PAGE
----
The family of Derek Serpell-Morris, the Bristol-based man known as DJ Derek, have said they are ‘expecting the worst’ after human remains were found in the Cribbs Causeway area of the region on Thursday night.
Serpell-Morris, 73, has been missing since July 2015, and a prominent campaign by his family and Bristol’s music community has been looking to find him over the past eight months.
Serpell-Morris’s great-niece Jennifer Griffiths told The Bristol Post: “As soon as I heard the news last night I was convinced it was him. I have spoken to the rest of the family and we all feel the same way.
“In a way it would be closure for us if this was Derek but at the same time it would be awful, it would be the worst case scenario.
“He used to get the bus to Cribbs Causeway all the time and we always felt that he could have ended up around that area.
“It just feels that we wasted all that time looking in the wrong places when he was there all the time.”
Last week it was reported that Serpell-Morris’s family had begun the process of declaring him legally dead, as payments were still being made on his empty flat, and he was still receiving pension contributions.
Serpell-Morris received the Bristol Lord Mayor’s medal for an “outstanding” contribution to music in the city, and was considered the UK’s oldest DJ until his retirement, following a New Year’s Eve set in London’s Notting Hill Arts Club in 2013.
A champion of soul, reggae, ska and dancehall music, Serpell-Morris was a prominent figure in Bristol’s music scene, befriending acts such as Massive Attack. Daddy G, the trip-hop band’s founding member, called Serpell-Morris a “walking musical encyclopedia” and played a club night in Bristol to raise funds for a search.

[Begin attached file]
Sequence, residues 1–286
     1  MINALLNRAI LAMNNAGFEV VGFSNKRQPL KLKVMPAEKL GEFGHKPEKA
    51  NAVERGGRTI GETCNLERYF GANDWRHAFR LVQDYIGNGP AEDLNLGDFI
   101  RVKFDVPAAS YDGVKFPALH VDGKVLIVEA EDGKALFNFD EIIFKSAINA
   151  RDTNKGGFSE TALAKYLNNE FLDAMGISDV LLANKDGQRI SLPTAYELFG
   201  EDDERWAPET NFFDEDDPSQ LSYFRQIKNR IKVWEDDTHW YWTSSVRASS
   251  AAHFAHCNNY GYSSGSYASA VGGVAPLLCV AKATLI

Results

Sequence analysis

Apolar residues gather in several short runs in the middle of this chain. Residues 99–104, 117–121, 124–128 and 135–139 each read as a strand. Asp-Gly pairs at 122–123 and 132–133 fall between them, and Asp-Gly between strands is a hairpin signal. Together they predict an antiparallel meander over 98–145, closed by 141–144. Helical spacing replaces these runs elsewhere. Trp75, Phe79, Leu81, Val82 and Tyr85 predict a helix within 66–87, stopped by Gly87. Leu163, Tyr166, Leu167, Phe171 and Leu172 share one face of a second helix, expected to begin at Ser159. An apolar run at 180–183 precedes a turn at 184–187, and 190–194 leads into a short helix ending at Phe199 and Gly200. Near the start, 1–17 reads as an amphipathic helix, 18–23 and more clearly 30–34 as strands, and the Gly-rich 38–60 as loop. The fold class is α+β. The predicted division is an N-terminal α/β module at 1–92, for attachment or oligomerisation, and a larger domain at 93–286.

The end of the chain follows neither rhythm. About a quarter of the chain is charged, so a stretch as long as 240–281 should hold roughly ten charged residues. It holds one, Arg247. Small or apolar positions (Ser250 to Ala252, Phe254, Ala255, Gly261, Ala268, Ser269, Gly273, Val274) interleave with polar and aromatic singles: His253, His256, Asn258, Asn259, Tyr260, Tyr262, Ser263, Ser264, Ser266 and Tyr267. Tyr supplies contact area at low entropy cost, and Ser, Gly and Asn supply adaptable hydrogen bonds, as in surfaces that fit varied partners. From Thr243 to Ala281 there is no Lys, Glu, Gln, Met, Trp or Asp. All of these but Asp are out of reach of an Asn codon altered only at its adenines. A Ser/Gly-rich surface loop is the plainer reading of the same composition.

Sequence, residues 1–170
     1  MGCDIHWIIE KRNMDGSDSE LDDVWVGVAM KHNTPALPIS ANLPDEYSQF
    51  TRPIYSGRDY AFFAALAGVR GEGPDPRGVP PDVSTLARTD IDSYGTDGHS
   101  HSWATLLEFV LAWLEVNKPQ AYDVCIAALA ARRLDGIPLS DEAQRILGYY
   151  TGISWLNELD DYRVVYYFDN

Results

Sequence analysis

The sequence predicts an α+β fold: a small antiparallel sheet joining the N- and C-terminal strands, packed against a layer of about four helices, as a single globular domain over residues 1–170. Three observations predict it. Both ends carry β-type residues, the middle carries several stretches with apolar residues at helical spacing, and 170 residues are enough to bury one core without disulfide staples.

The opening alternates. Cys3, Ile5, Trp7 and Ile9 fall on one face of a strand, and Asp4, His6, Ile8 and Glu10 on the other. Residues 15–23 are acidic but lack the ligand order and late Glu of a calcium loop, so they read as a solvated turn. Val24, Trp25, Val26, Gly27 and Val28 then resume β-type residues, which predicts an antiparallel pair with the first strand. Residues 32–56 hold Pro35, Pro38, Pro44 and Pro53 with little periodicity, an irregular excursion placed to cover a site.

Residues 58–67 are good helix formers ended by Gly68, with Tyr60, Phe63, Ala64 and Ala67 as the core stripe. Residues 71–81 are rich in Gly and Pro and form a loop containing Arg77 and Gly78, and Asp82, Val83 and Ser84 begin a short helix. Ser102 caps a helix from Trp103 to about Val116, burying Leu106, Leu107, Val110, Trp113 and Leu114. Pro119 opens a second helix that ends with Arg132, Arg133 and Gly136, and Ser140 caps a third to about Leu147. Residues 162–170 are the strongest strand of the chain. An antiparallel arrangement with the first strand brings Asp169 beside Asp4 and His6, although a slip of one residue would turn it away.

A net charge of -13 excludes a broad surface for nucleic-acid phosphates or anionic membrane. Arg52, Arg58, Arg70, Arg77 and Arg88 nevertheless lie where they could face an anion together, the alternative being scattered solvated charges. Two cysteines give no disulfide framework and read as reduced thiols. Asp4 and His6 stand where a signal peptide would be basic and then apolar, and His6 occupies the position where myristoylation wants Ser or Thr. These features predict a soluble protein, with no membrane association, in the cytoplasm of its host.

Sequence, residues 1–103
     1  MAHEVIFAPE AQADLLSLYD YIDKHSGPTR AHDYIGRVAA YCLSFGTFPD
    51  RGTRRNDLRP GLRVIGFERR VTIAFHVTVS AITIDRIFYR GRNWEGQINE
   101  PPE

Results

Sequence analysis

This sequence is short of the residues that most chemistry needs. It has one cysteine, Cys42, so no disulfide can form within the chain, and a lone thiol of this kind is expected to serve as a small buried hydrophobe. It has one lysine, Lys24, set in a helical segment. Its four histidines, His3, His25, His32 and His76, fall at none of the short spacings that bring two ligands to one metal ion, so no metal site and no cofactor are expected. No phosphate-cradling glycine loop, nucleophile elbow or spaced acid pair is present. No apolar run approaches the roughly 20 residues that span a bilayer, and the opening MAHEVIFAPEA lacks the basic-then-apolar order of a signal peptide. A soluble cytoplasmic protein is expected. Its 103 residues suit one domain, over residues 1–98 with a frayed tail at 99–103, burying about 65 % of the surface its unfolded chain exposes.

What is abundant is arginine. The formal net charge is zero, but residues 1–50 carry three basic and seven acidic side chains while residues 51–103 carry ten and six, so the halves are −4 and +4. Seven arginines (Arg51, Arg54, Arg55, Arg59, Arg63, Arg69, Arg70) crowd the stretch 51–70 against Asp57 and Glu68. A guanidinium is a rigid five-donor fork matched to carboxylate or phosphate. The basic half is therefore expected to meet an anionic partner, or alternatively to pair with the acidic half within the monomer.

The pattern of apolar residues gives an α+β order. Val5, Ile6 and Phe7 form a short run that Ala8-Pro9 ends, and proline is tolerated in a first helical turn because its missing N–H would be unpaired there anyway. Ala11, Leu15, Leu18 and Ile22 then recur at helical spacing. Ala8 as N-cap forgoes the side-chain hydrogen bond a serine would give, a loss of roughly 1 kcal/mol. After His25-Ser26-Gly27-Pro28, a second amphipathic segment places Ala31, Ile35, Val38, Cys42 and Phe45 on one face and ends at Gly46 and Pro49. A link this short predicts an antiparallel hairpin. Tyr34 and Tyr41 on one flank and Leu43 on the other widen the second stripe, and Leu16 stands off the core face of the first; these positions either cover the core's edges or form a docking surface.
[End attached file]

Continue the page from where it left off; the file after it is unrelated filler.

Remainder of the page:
The police have confirmed that the remains are badly decomposed and could have been in the woodland near the Cribbs Causeway for a considerable period of time. Serpell-Morris last used his bus pass on the day he disappeared, on a route that went passed the area the body was found.
Although they won’t be able to confirm more details until after the post-mortem examination and identification procedures, police told the BBC they “strongly believe” the remains are Serpell-Morris’s, “due to personal items found at the scene”.
Detective Chief Inspector Matthew Iddon said: “This is a very distressing time for Derek’s family who’ve been carrying out an exhaustive campaign to locate him and raise awareness of his disappearance and our thoughts are very much with them.”
Culled From Telegraph
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